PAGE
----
“Thank you so much,” was all Pat could say. She stood up and started to leave.

“Oh, I forgot to tell you the reason I called you in here,” the director said. “I wanted to let you know that you won the company charity raffle. Talk to my secretary and she’ll give you the $2000.”

As Pat drove home early in a brand-new Ferrari, $2000 in cash in her purse, she took a deep breath and smiled. It was a Good Day. She might have to go find that spider and say thank you.

Spider web

“Giselle” is almost here

Riddle: what does belly dancing have to do with time travel?

You will find out when my new short story, “Giselle”, comes out, hopefully next week.

I first started working on this story in February. It all started as an Invitational Prompts story. I have only done three of these, but they are where I ask one person to give me some prompts and I write a story around them. The first was “The Circle of Unbeing” which I did for Sharmishtha Basu. “Giselle” is actually the second one, which I did for Amy at The Bumble Files. The original prompts were: a sci-fi/time travel genre, a professor, a belly dancer, a message in a bottle, and an empty warehouse.

I quickly had an idea for the story, but it was slow going and I restarted it several times. Time travel stories are also quite complicated and necessarily non-linear, so it also took a while to root out all the pesky plot holes. As well, the story kept growing until I knew that I could not do it justice by simply breaking it up into installment like I did with The Circle of Unbeing. So, I will be releasing it on Smashwords as an e-book.

Incidentally, do you know Sorina M? If you are a blogger, do you follow her blog at Chosen Voice? If not, go check it out right now. I’ll wait. I have been a blogging friend of hers for a long time now and her work is absolutely amazing. Here is one of my favorites of her recent work, called Wearing a Nebula.

You can understand how honored I felt when she agreed to make the cover for my story. Here it is:

copyright Sorina M.

copyright Sorina M.

I’m currently putting the last touches on the story and getting ready to upload to Smashwords. I’ll post again when it is available.

The Tyromancer

He was setting up across the street as I was leaving work: a card table filled with blocks of cheese and a hotplate. A sign hanging off the front read: Fortunes Told!

“Excuse me, sir! Can I tell your fortune?” he called as I tried to hurry past. I was the only one on the street, so it was hard to be inconspicuous.

“I don’t need my fortune told,” I said. Still, the cheese was making me curious. “So, how does it work?”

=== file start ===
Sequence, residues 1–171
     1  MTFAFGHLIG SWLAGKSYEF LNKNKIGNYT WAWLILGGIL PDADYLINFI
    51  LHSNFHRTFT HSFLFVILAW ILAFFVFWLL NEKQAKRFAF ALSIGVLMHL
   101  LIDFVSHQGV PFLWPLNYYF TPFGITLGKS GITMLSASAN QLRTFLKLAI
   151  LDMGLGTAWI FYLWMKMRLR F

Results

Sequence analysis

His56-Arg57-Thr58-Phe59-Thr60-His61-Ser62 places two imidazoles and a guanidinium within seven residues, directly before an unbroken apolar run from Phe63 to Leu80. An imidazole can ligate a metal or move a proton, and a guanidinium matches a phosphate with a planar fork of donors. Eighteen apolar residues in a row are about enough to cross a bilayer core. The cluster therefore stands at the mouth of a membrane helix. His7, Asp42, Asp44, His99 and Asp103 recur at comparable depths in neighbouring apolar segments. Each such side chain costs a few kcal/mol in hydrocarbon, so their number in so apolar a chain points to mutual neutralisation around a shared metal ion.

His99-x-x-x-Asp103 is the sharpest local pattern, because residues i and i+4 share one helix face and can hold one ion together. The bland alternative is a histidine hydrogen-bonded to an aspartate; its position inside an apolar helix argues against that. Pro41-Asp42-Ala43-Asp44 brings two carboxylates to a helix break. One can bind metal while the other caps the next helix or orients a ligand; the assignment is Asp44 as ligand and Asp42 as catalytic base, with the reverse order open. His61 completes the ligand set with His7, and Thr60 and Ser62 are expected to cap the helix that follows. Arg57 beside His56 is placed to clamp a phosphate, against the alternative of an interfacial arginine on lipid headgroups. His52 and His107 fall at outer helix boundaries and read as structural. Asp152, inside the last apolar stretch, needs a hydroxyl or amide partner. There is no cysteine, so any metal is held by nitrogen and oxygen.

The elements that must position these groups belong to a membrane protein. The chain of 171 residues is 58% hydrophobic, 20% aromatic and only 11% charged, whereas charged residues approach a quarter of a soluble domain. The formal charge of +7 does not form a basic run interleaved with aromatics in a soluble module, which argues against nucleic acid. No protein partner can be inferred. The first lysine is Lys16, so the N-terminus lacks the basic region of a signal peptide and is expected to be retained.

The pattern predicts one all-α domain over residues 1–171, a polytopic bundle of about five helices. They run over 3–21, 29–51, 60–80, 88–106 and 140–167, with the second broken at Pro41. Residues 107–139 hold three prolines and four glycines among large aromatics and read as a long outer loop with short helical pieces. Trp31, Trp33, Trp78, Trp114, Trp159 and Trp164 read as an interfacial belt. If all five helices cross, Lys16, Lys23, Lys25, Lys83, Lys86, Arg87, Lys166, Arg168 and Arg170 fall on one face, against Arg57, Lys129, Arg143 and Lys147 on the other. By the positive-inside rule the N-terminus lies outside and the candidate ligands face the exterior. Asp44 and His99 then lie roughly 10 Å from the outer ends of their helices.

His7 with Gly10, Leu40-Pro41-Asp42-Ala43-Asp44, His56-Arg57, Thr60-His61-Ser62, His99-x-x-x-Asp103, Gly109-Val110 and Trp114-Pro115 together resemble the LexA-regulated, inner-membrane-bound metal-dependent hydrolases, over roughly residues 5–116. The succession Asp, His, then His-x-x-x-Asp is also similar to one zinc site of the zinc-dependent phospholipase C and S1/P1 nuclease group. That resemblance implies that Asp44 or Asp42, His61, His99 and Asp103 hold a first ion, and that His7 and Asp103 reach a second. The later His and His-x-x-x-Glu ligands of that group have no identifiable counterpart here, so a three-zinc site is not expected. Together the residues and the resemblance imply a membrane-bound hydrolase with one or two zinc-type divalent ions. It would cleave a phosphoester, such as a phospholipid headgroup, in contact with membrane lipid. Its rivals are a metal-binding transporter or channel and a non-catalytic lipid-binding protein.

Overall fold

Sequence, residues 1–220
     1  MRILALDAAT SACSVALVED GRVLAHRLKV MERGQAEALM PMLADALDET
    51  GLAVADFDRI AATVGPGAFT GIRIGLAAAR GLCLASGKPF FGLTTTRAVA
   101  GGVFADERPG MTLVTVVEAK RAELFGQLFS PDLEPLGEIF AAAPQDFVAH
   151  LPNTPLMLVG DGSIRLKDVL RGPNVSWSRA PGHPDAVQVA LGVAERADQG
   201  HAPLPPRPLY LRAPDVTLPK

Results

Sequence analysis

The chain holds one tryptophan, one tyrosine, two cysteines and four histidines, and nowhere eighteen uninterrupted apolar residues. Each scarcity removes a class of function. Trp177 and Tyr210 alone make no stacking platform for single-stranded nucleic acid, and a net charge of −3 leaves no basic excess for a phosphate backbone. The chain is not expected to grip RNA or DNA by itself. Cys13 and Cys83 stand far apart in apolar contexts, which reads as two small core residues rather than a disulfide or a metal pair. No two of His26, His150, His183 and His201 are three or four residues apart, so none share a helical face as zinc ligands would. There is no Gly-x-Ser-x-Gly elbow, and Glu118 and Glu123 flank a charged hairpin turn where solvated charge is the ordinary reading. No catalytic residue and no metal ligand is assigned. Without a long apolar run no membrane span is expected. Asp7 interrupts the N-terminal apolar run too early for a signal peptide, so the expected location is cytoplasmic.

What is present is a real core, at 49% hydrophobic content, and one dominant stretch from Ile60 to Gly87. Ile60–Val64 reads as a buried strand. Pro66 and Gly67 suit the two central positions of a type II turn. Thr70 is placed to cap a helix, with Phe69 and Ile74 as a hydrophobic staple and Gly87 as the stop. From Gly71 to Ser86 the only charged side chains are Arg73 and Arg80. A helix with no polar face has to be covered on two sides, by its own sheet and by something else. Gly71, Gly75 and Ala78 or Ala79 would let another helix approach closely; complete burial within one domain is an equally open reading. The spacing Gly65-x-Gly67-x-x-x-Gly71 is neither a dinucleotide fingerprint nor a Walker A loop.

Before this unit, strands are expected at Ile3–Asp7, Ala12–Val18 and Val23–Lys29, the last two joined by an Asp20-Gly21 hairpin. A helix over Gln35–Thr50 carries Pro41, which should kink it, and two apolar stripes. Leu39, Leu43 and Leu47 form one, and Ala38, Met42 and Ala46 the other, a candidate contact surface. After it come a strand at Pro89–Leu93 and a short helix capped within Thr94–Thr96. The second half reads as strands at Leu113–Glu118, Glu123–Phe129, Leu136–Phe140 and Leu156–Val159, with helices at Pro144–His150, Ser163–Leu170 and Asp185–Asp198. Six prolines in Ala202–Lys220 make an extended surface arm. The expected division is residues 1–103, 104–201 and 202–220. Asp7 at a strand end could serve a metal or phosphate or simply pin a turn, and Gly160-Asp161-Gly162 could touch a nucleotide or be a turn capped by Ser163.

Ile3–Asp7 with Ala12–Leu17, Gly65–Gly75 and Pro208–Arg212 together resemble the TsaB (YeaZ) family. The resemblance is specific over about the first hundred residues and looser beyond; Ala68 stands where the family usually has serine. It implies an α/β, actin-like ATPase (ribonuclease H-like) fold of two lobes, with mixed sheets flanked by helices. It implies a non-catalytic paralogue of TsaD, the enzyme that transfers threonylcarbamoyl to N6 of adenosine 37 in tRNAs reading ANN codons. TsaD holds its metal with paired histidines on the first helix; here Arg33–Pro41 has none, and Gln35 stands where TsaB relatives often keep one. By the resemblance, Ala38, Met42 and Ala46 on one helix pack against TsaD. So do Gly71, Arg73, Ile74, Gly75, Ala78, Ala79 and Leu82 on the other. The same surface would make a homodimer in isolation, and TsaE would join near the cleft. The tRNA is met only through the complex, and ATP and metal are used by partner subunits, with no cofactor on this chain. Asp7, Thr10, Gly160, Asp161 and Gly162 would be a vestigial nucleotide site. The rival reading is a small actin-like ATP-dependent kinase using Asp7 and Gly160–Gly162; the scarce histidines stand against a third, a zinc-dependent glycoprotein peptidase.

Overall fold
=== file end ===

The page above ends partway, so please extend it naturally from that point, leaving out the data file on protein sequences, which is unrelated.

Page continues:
“With cheese. I’m a tyromancer,” he said, quite proudly.

“Uh, okay, how much is it?”

“It depends on how detailed you want it. $5 for regular, $10 for an extra detailed fortune. It takes more cheese that way,” he added.

I was intrigued and the cheese was making me hungry. “Okay, I’ll take a fiver. Can I eat the cheese afterwards?”

He seemed shocked at the idea. “Eat the cheese? Eat the cheese? Do you eat the X-ray film when the doctor is finished? Or the mechanics tools when he’s finished fixing your car?”

“What do you have to do with the cheese?”

“I just melt it. I’m a progressive tyromancer. Now, what kind do you want? I’ve got cheddar, mozzarella, gouda, gorgonzola—”

“Is there a difference?” I asked, as he looked prepared to list off his entire stock. “Surely if it’s a fortune, it’ll be the same either way.”

He shrugged. “Different cheeses emphasis different things. It’s like when you go to the doctor: different doctors will tell you slightly different things, although your condition will be the same. So, which one do you want?”


“I’ll take the Swiss, I guess,” I said. I knew immediately by his face that this was the wrong choice.

“I’d stay away from the Swiss at first,” he said. “We in the business call that the Widowmaker. The best fortune I’ve ever seen come out of a piece of Swiss was a divorce.”

“What was the worst?”

“Double decapitation,” he said. “Don’t ask—it’s not pretty.

“Fine . . . I’ll take the Gorgonzola. Is that okay?” He was looking at me with a small smile.

“Yeah, that’s fine. Perfectly. Let me just add a slice of Edam, just because I like you.”

He cut off slices of the cheese and put it in a frying pan on the hotplate. Then we both got close and peered at it.

“What’s that mean?” I asked.

“That’s just grease on top. That doesn’t mean anything.” The cheese started to melt and bubble.

“Ah ha!” the tyromancer said suddenly. “Do you know anyone by the name of . . . Bob?”


“Really? I’m pretty sure you do.”

“Well, I have a second cousin named Bob, but—”

“I knew it! Never lie to the cheese. Bob is going to call you in the next five minutes.”